What's an IBCLC?
An important member of the perinatal health care team, an IBCLC is healthcare professional who specializes in the clinical management of lactation and is certified by the International Board of Lactation Consultant Examiners®. IBCLCs provide direct care to families, education and training to other professionals and volunteers and help guide policy.
Becoming an IBCLC requires comprehensive academic and practical preparation, as well as passing the board exam. We have a well-defined scope of practice and code of professional conduct and are subject to disciplinary procedures as governed by IBLCE.
They are the only clinician whose sole focus is human lactation and infant feeding. An IBCLCs knowledge is very specialized and runs very deep. IBCLCs are the gold standard in lactation care!
Who else can help?
Nurses have a wide range of knowledge. Their knowledge of lactation and infant feeding can vary depending on their individual experience and training. Your nurse in the hospital will help you with getting started right after you give birth. Once home, the CLSC nurse can tell you if your baby is gaining enough weight and if you are having difficulty, she can help you with the first steps to improve things. If you are having a lot of difficulty, you may need the more specialized help that an IBCLC can offer.
Midwives provide clinical care for normal situations during pregnancy, birth and postpartum.. Your MIdwife will help you get started and can help you with the first steps of improving things if you encounter challenges. However, sometimes difficulties extend beyond what a midwife can handle and you need the more specialized care of an IBCLC to get things on track.
Your baby's doctor will make sure they are eating enough and can evaluate for medical problems, but unless they have taken specialized training, they won't be able to help you resolve complex feeding problems. Doctors who work in specialized breastfeeding clinics have additional training and can prescribe medications and perform procedures that are sometimes necessary to resolve feeding issues. In either case, an IBCLC is an important part of the team needed to help get things back on track.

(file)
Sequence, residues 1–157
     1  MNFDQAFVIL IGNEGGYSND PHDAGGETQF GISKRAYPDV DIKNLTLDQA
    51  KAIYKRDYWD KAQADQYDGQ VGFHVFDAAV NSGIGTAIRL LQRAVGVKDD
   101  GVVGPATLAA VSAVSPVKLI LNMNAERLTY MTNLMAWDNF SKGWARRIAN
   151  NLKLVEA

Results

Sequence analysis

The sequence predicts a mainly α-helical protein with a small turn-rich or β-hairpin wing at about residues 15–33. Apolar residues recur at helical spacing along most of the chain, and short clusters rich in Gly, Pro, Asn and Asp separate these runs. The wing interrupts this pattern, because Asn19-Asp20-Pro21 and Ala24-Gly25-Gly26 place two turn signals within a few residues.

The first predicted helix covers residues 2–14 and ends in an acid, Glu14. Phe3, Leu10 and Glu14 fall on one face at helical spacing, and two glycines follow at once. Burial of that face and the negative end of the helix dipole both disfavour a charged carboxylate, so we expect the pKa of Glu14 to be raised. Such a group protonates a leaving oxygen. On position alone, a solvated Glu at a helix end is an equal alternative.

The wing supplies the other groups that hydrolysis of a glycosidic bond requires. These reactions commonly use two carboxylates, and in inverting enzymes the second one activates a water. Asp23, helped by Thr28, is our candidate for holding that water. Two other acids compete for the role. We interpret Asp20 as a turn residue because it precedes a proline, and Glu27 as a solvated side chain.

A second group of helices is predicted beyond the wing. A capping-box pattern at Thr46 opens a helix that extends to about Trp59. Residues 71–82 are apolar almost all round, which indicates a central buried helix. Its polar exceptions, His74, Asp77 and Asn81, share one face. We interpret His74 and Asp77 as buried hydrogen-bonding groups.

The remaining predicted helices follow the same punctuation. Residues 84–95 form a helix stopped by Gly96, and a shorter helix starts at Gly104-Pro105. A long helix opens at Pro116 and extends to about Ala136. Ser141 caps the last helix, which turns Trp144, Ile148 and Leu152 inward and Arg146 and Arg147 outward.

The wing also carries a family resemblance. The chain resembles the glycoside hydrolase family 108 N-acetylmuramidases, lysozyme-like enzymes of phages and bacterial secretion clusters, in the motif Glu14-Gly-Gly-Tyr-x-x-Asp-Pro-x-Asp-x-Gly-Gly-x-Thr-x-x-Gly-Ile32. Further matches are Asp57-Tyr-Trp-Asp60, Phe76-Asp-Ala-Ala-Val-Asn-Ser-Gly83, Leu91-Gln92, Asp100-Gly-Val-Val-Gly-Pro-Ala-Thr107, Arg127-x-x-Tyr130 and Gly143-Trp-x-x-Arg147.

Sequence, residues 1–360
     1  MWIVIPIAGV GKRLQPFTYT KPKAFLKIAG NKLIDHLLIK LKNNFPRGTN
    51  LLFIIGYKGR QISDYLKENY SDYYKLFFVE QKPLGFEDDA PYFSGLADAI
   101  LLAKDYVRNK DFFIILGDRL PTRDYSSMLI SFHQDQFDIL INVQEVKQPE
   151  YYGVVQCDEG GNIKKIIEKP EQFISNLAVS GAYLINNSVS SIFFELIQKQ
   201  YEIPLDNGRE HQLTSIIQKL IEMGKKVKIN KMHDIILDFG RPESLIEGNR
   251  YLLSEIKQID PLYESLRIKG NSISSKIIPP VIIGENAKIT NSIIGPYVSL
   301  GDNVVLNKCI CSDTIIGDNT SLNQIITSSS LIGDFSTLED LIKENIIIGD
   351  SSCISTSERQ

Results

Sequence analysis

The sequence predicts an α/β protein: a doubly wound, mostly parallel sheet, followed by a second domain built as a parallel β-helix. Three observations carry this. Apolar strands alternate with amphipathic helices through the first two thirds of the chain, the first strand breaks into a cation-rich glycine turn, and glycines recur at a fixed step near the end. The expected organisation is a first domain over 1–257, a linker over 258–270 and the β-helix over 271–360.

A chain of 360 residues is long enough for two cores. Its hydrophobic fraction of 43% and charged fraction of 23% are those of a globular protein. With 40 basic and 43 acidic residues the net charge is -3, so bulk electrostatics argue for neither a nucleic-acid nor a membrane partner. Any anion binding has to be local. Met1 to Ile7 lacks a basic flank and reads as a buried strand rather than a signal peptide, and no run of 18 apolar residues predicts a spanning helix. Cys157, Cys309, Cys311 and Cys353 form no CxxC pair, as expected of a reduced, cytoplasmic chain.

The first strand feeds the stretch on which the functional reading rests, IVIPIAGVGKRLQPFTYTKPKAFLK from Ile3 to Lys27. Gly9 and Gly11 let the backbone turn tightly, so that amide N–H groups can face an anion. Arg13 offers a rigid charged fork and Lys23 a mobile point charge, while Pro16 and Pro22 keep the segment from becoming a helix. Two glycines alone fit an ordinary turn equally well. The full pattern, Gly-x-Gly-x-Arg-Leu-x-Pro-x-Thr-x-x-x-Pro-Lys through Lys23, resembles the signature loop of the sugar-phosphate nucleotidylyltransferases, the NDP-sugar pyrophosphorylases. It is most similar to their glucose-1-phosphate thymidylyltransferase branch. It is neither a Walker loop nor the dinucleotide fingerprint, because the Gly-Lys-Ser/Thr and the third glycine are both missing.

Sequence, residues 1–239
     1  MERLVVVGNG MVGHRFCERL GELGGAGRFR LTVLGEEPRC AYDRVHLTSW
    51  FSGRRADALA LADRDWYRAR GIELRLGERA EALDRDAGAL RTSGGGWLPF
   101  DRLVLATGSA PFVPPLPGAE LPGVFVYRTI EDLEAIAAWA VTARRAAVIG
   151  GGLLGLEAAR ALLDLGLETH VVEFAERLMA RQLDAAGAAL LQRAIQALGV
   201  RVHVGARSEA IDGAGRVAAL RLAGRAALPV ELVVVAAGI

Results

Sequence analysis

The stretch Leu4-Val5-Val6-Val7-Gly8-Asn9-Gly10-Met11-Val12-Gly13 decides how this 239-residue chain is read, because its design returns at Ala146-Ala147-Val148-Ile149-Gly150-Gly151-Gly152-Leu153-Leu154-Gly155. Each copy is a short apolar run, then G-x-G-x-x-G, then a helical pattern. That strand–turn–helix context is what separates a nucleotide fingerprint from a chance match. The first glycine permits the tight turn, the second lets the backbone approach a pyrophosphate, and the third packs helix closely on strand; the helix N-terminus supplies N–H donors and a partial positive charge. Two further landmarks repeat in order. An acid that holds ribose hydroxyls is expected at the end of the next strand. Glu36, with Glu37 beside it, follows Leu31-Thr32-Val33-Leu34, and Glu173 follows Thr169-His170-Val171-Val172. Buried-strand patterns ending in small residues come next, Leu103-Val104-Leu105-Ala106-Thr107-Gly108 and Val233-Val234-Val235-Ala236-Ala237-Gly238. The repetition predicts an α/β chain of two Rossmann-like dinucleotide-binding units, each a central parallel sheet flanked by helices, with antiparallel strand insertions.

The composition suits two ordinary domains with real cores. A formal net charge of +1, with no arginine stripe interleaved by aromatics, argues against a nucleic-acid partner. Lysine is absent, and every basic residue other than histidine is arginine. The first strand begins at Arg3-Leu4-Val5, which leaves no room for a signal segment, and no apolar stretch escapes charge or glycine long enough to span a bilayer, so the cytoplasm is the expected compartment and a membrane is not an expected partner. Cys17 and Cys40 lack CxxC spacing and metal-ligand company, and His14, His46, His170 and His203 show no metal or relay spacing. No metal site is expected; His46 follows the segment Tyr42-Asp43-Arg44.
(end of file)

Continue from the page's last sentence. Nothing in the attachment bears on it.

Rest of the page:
During pregnancy, birth, and postpartum, Doulas provide physical and emotional support. as well as general information. They can help you get started, understand what is normal and what is not and help you navigate the normal challenges of becoming a new parent. They do not provide a clinical care provider. They provide support in addition to the care you need from your Doctor, Midwife or IBCLC.
La Leche League Leaders and Nourri-Source Marraines have personal experience and training help you through normal challenges. They do not provide clinical care or manage complex cases. They give you support in addition to your clinical follow-up. I encourage all my clients to get involved with their local community support group. Get in touch here: